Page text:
Finding and Integrating Data for Infectious Disease Modeling
Infectious disease modelers depend on real-world data to create model estimates of infectious disease transmission and control interventions. Modelers often collect data from multiple sources, such as population demographics, disease surveillance, vaccination programs, etc. and integrate data into one model to inform health policy. It can be difficult and time consuming to find relevant data, to assess data quality, and to reformat data for use in a model. We have developed Project Tycho to improve the Findability, Accessibility, Interoperability, and Reusability (FAIR) of infectious disease data. The Project Tycho repository includes over 200 datasets and has over 4500 registered users that have used Project Tycho data for over 75 new scientific works. In addition, we lead the MIDAS (Models of Infectious Disease Agent Study) Network Coordination Center that aims to improve the findability and use of data for modelers in the MIDAS Network. In this seminar, Dr. Van Panhuis will introduce Project Tycho and MIDAS including potential benefits of these projects to researchers at the London School of Hygiene and Tropical Medicine.
Wilbert Van Panhuis is an infectious disease epidemiologist with training in Medicine (Amsterdam) and Global Disease Epidemiology (Johns Hopkins). He is an Assistant Professor in the Departments of Epidemiology and Biomedical Informatics. His research in the fields of computational epidemiology and population health informatics aims to improve the efficient use of information for public health action. He uses large-scale public health data with statistical and agent-based simulation models to study the spatial spread of infectious diseases. He leads multiple large-scale global health data initiatives, including Project Tycho, an open-access repository for global disease surveillance data (NEJM, New York Times, Wall Street Journal) and the Models of Infectious Disease Agents Study (MIDAS) Coordination Center funded by the National Institute of General Medical Sciences. Wilbert is funded by the US NIH Big Data to Knowledge (BD2K) program to improve data integration for global health. My disease expertise concentrates on vector borne diseases (dengue and Chikungunya) in Latin America and Southeast Asia, especially as related to climate, and on vaccine preventable diseases in the US and EU (NEJM, PNAS, NIH Director's Blog).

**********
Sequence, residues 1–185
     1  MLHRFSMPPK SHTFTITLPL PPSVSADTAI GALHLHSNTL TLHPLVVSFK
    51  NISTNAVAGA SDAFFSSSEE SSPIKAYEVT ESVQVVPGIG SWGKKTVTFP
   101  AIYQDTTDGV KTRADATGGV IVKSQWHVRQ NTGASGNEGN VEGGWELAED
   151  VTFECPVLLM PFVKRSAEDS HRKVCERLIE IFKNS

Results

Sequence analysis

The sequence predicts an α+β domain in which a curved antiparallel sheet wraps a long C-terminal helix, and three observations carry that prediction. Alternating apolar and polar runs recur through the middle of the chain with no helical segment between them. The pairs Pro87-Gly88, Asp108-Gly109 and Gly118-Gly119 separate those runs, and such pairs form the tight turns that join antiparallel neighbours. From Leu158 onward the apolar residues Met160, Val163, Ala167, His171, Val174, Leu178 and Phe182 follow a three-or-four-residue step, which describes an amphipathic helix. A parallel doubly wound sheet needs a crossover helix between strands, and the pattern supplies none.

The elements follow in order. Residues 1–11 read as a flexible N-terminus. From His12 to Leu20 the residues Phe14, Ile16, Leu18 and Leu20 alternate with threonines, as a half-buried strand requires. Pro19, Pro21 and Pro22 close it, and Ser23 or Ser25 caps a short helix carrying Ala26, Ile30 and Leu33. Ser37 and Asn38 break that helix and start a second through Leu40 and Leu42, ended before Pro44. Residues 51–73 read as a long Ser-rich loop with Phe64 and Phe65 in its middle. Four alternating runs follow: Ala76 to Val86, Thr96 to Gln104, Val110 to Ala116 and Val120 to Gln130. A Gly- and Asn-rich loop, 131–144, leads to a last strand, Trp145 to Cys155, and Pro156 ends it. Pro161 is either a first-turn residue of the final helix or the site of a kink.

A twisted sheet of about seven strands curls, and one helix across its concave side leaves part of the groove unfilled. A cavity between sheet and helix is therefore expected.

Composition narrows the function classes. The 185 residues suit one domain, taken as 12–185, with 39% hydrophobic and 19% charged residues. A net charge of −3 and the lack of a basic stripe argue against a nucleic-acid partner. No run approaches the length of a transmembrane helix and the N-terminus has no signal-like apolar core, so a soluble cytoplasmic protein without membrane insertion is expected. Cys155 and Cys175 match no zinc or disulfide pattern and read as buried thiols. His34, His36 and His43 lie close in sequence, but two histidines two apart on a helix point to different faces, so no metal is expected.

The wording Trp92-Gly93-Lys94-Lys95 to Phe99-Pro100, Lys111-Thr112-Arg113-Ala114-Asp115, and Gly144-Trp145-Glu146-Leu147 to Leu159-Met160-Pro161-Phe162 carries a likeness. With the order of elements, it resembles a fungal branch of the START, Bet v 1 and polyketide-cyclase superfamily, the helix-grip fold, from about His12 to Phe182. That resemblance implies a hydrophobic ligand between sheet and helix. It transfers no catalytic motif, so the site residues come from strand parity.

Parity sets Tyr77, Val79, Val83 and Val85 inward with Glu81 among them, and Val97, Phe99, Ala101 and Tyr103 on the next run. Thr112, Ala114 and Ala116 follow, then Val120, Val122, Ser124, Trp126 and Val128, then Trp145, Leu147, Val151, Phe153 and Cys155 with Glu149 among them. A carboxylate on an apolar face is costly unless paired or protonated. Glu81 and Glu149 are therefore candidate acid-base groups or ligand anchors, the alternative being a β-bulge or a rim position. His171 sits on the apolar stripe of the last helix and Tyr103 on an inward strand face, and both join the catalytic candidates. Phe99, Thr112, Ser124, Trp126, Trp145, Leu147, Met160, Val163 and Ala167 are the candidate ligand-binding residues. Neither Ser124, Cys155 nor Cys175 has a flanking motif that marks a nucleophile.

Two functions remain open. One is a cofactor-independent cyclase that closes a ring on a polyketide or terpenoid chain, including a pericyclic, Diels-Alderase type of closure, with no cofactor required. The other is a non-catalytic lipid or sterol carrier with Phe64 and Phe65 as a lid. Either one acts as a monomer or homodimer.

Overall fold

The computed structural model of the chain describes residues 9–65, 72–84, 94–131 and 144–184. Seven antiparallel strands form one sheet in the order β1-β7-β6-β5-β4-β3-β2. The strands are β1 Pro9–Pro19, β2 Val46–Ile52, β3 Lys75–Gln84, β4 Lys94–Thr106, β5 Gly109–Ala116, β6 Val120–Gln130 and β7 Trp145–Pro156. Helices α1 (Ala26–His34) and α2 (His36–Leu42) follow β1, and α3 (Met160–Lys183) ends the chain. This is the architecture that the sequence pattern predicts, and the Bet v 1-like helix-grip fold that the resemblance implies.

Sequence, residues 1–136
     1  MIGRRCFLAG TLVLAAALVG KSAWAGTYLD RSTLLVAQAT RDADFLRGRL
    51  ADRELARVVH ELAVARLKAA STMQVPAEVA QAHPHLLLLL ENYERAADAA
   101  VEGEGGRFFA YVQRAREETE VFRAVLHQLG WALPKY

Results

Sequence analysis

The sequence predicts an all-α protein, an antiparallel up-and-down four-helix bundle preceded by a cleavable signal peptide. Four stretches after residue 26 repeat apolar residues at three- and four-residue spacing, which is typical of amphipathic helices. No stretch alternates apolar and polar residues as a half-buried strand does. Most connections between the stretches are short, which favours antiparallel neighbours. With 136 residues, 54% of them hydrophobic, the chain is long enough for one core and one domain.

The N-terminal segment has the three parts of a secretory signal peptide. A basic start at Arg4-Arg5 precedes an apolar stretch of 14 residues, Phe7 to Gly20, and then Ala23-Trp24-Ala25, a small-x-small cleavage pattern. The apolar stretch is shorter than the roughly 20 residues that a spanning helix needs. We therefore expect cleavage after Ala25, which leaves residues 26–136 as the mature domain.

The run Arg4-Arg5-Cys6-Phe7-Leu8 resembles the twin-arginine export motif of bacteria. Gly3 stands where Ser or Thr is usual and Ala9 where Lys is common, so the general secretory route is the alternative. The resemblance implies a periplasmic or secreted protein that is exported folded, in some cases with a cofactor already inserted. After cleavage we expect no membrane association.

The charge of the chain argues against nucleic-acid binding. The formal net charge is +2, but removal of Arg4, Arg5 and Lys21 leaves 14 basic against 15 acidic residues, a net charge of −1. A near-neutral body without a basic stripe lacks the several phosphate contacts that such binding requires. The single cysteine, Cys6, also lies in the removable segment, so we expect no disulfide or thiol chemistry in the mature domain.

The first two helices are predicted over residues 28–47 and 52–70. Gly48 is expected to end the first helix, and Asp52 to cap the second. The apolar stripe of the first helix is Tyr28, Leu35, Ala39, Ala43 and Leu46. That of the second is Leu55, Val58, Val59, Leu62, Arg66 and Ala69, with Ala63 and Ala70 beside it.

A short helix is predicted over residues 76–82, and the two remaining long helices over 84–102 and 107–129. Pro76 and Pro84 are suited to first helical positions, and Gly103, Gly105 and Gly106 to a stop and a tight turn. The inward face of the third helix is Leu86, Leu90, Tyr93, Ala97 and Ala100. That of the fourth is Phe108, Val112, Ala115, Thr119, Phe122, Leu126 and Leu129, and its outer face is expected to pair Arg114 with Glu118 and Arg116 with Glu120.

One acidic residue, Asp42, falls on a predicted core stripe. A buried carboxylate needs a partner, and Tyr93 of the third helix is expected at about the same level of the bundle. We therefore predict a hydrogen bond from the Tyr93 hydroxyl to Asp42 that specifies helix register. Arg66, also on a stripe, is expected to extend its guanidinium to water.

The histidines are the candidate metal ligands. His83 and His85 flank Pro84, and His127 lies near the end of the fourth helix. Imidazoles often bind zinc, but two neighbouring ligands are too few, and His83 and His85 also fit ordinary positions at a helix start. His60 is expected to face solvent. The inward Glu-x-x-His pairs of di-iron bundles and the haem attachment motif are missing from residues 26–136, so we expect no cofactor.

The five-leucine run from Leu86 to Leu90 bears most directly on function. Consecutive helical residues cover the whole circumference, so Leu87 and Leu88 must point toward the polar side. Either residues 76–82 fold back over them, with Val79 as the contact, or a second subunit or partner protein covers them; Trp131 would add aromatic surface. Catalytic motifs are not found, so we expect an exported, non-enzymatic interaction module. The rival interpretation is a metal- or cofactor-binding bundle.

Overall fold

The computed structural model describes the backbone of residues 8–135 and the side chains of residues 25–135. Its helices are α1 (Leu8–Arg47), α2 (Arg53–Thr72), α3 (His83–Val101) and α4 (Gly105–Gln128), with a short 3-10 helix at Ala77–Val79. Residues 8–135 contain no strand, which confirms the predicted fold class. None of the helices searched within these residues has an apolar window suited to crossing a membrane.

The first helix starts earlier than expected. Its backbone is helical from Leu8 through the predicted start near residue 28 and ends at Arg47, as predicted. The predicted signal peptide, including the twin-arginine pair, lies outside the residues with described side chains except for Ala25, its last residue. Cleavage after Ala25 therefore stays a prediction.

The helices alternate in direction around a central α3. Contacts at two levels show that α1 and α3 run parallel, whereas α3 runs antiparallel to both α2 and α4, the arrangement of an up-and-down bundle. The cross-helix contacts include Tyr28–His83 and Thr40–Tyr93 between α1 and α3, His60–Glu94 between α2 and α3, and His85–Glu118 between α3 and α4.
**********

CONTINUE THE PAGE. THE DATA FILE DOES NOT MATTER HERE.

This session will be live-streamed and recorded - accessible to both internal and external audience
Please note that the main entrance of our Keppel Street building will close from Saturday 5 October until Monday 21 October for essential repairs. Alternative access will be provided on Malet Street, including an accessible route for visitors with a disability and wheelchair users. There will be signage to guide you to these entrances.